Carbondale man avoids deportation
Glenwood Springs, CO Colorado
GLENWOOD SPRINGS, Colorado ” Rene Hernandez is happy to be close to his family after a Denver Immigration Court judge cancelled the Carbondale resident’s deportation case Friday.
Hernandez, 34, said Monday that he was nervous Friday morning before he went to court because he thought that he would be deported and would not be able to remain close to his two young sons.
“I was so happy that we won the case,” Hernandez said. “Because my boys are more important to me than anything. I am so happy that I am able to stay.”
According to Ted Hess, Hernandez’s Glenwood Springs attorney, Hernandez will now become a lawful permanent resident, unless the Department of Homeland Security successfully appeals the case. The department has until April 20 to file an appeal, which Hess expects to happen.
Hess also stated in an e-mail to the Post Independent that cancellation of removal is a rare event and that there is a nationwide limit of 4,000 granted each year.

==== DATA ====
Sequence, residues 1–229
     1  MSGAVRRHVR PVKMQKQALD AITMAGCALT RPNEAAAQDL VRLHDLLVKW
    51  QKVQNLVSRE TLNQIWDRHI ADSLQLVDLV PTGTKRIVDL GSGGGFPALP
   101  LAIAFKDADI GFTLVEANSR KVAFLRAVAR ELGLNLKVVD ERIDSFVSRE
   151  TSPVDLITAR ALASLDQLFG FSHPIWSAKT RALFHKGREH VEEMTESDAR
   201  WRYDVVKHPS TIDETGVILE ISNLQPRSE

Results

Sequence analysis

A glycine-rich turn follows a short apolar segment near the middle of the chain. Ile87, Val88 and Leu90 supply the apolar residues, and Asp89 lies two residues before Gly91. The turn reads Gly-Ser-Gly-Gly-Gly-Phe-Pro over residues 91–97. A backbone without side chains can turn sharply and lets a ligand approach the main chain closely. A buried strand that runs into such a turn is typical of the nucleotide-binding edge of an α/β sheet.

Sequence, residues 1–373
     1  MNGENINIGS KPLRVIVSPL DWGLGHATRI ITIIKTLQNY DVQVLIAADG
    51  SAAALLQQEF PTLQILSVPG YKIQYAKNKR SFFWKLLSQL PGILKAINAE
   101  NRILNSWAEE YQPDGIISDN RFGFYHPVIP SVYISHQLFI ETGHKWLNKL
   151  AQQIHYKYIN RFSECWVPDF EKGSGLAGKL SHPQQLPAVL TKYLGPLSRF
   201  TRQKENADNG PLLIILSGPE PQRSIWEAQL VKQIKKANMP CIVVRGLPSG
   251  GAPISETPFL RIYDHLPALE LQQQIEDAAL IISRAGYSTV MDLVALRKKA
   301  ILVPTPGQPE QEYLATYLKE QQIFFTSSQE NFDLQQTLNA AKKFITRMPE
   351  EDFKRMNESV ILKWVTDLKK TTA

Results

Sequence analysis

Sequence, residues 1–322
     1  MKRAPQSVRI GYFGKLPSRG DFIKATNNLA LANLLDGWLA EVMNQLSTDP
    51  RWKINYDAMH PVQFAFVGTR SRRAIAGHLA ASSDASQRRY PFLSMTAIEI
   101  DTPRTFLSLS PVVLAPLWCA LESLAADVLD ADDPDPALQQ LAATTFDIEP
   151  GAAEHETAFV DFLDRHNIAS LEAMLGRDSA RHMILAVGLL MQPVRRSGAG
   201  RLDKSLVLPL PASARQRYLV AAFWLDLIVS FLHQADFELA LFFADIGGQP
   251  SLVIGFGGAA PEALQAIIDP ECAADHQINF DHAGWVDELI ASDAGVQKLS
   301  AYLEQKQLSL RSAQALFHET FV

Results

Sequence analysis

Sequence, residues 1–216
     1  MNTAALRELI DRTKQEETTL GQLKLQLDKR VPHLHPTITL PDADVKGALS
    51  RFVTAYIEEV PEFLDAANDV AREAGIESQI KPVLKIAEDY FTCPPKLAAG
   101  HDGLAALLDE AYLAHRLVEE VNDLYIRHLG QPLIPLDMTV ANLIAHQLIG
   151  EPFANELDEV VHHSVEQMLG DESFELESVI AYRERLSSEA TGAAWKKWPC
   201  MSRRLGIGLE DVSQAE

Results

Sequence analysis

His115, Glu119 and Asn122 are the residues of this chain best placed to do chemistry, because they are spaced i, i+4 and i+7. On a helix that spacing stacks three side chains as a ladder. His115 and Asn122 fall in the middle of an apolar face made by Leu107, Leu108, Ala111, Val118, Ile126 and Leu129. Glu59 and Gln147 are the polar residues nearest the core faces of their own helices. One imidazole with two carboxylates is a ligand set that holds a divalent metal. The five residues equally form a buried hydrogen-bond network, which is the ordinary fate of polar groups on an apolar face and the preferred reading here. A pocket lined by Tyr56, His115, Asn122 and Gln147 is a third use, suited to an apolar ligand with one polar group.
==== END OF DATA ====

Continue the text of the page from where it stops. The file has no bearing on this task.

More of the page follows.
“Legally, his case is interesting because there are only three published cases by the Board of Immigration Appeals on post-1997 cancellations of removal,” Hess said.
In all three of those cases, according to Hess, the assumption was that the children involved would return to Mexico if the immigrant was deported. However, it was clear that the children would stay in the U.S. in Hernandez’s case.
Hernandez illegally entered the U.S. from Guerrero, Mexico, in 1994, according to Hess. He was detained by Immigration and Customs Enforcement (ICE) in 2006 after a domestic violence arrest, which occurred when he encountered his wife at the Oasis nightclub in Glenwood Springs.
Since getting a divorce in 2007, Hernandez has made child support payments of $924 a month.
The decision to grant the cancellation, according to Hess, was based upon the argument that if deported Hernandez would not be able to provide for his two American citizen sons because they would remain in Carbondale, with their mother, to whom Hernandez is no longer married.
In order for a court to grant the cancellation, an illegal immigrant must prove three stipulations: 10 years continuous presence in the U.S.; good moral character; and an exceptional and extremely unusual hardship to one or more U.S. citizens, which in this case happened to be his two young sons.
Contact John Gardner: 384-9114